But Pitts said cases of misconduct began to take a toll on him early last year, before the sex scandals.

First was state Rep. Cary Pigman, who was charged with driving under the influence of alcohol. Then came former state Rep. Daisy Baez, who resigned for violating residency rules, and later what he calls an “abuse of leadership” by House Speaker Richard Corcoran.

The last drop, though, was Sen. Oscar Braynon, he said.

The Miami Democrat was sponsoring his claims bill and after Braynon apologized for having a relationship with Sen. Anitere Flores that “evolved to a level [they] deeply regret,” he considered his bill tainted. Both senators are married.

“The Braynon and Flores affair, that was it,” Pitts said. “I gave the Legislature the opportunity to do without Mr. Gadfly or Mr. Preacher.”

That’s why Pitts said he vanished this Session. It wasn’t an illness. Or money issues, he assures. It was the pervasive misconduct that “came short of breaking the law” that pushed him out.

If he would’ve stayed, he didn’t know if he would be able to conduct himself appropriately in committee.

“I would have had to be dealing with them publicly in between their bills to say, ‘y’all got so many issues and are not in the position to deal with Floridians right now,’ and that would have been disrespectful,” the St. Petersburg resident said.

In his absence, the Capitol was stripped from his classic phrases that include “if the bill is too long, you know there’s somethin’ wrong,” “Jesus wouldn’t agree with this,” or “I’m telling you right now, before you shoot yourself in the foot.”

There were also no sightings of Pitts doing research on the lone computer in the corner of the Capitol’s fifth floor, diligently taking notes.

In place of his absence, he left a Twitter rant in all caps—as is his style—as a message ahead of the 2018 legislative session start. And once gone, another person took over his gadfly role: Greg Pound.

Pound, like Pitts, is a man who uniquely testifies on many topics and in many committees. But Pitts is more tame at the podium than Pound, something the Justice 2 Jesus activist says he is trying to teach him how to do.

“I tell him, ‘you still have to have respect for them’ and I say, ‘you are dealing with issues on the bill, this is not a soap box,’” Pitts said. “But he gets whacked out because he doesn’t follow the process.”

One classic example was when Pound marched to the podium and name-dropped an InfoWars article citing Parkland shooting victims as actors. This was said during the first Senate committee hearing on the controversial gun and school safety measure that was crafted in the wake of the Marjory Stoneman Douglas High School massacre where 17 were killed and many others were injured.

His testimony was heard in a room packed with opponents of the bill, including Parkland student survivors and parents who lost their children in the school shooting.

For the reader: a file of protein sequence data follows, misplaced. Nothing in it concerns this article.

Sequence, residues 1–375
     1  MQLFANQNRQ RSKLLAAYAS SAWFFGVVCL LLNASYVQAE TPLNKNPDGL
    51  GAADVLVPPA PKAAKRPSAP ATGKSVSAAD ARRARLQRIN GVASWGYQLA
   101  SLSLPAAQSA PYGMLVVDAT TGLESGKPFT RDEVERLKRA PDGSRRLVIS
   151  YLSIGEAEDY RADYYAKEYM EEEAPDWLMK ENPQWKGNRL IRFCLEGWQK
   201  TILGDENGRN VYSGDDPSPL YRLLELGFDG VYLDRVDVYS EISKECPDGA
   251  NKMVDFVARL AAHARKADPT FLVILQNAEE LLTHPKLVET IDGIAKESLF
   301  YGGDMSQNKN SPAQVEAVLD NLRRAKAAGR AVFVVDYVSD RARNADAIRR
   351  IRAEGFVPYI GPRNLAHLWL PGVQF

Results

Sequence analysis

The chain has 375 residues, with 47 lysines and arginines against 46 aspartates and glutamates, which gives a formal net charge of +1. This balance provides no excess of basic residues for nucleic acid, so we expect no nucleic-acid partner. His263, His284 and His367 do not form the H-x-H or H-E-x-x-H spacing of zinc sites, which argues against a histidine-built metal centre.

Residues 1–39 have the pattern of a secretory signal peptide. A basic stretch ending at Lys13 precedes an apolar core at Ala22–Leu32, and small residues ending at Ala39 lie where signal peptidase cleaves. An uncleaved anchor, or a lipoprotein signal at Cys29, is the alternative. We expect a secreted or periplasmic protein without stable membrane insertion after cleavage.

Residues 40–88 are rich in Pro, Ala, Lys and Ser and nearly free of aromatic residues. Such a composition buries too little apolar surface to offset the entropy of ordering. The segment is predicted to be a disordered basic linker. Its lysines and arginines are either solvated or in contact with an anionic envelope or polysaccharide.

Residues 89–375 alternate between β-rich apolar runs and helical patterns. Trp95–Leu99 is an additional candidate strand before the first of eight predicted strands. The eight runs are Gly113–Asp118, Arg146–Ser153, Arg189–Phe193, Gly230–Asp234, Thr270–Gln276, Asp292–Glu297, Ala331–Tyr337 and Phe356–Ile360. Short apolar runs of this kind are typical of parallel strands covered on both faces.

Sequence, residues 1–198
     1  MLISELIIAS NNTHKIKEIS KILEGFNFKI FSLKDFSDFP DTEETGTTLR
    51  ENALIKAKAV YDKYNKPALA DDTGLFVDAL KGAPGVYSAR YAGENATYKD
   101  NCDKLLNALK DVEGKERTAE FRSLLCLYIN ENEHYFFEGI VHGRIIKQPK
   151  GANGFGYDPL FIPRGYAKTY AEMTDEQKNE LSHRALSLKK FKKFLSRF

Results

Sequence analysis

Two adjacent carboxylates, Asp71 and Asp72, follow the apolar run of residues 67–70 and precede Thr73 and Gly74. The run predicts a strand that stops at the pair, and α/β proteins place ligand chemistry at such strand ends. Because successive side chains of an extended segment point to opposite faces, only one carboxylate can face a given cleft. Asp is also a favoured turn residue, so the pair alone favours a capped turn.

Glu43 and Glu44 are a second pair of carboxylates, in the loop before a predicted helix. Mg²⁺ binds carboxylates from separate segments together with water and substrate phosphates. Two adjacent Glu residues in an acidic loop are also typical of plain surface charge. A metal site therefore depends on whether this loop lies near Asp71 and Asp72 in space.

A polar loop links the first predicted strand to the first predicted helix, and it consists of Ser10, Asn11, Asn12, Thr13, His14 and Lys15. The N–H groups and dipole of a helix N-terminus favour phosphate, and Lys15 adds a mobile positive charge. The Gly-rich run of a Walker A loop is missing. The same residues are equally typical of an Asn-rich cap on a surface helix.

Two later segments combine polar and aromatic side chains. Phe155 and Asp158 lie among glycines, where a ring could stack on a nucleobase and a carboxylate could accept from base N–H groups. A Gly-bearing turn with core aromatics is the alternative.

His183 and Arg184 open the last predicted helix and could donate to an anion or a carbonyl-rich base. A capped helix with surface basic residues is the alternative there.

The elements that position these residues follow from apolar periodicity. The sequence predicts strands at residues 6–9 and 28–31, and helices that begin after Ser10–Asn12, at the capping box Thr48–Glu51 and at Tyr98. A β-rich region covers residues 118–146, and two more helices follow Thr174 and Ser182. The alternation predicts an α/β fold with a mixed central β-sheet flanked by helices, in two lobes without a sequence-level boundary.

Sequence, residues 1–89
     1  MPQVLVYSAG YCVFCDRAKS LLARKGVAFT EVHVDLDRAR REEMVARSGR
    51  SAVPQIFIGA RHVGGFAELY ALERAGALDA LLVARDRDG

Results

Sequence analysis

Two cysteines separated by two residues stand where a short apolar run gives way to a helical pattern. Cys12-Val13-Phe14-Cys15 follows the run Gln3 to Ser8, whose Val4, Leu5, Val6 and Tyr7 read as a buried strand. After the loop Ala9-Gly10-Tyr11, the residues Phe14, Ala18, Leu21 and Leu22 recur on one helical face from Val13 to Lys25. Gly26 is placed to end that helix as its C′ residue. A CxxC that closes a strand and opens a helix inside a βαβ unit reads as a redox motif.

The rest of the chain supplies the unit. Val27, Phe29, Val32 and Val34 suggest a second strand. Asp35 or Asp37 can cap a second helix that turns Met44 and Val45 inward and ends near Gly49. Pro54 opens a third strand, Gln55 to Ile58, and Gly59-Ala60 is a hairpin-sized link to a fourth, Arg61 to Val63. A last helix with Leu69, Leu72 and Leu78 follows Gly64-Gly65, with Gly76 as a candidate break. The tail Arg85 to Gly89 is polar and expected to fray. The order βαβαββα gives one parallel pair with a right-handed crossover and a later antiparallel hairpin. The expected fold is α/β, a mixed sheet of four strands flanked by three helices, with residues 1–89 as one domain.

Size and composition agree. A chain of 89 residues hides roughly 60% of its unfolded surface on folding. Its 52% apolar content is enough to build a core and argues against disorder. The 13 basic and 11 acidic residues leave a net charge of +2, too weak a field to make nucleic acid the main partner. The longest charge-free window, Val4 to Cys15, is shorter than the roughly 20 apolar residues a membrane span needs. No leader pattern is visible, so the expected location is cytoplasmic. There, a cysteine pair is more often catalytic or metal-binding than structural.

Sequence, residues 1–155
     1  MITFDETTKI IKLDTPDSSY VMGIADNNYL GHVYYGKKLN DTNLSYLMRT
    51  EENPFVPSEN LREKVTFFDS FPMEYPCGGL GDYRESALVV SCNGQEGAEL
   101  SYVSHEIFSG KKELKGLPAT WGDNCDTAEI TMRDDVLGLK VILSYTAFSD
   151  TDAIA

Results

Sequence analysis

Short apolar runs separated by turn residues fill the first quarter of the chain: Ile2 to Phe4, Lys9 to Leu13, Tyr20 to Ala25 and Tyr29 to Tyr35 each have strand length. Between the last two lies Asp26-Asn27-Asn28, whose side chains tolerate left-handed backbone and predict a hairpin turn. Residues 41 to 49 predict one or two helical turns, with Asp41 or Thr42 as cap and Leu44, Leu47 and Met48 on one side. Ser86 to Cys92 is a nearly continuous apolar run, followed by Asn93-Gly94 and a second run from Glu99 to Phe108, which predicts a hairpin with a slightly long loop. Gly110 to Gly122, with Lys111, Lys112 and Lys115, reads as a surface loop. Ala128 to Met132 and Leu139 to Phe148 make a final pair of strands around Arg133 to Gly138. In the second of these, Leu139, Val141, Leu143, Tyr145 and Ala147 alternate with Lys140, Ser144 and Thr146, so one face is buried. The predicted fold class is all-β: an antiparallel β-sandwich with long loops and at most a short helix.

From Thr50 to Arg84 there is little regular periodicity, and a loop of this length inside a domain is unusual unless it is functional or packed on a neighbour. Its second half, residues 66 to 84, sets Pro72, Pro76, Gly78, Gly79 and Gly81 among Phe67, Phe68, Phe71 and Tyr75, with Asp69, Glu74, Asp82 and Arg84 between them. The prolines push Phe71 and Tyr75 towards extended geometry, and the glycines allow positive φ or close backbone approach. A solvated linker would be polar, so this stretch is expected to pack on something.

“He gets too emotional, he is a class of his own,” Pitts said.

Whether Pitts will be back next session is unclear, but regardless of what happens, he said he is still keeping an eye on what goes on in Tallahassee. His job is to fight for “whatever is right for Floridians.”

“I continue to watch because I am not done with it. I have to watch because I need to know what is going up there because I need to know how it affect the locals,” Pitts said.

Jack Latvala officially out of Governor’s race

Disgraced former Sen. Jack Latvala has withdrawn his bid for the Governor’s Mansion.

The Clearwater Republican sent a formal termination of his gubernatorial campaign Friday to Secretary of State Ken Detzner. The Florida Division of Elections website indicates that Latvala’s campaign is no longer active.

The move comes a little more than two months after he formally resigned his seat in the Legislature, following an investigation that found probable cause that Latvala sexually harassed women in the workplace and may have engaged in quid pro quo activity, trading powerful votes for sexual favors from female lobbyists.

Under Florida law, Latvala has 90 days to zero out his account and can no longer accept campaign contributions, effective immediately.

Florida Politics reported in February that Latvala had begun returning campaign contributions. It was reported that the prorated refunds would be dealt back to donors at approximately one-half of the original amount.

Latvala’s campaign finance reports are not yet updated to reflect February refunds. In January, the account returned 12 — $1,500 refunds.

While Latvala must close out his campaign account, he won’t have to do the same for his affiliated political action committees, which can continue to be active despite the lack of an ongoing campaign.

The former budget chief’s largest PAC, Florida Leadership Committee, still has $3.9 million banked.

After Parkland, Bernie Fensterwald determined to win state Senate race

After the Parkland mass shooting two weeks ago, Bernie Fensterwald is more determined than ever to win in Senate District 16.

As proof, the Dunedin Democrat is putting $25,000 of his own money into the campaign.

“I’m 100 percent committed to this race, and I’m willing to prove it,” Fensterwald announced Friday. “The tragedy in Parkland only strengthened my conviction towards winning this race … I’ve been blessed in my life, and I want to commit myself to public service, but I won’t win unless I talk to as many voters as possible.”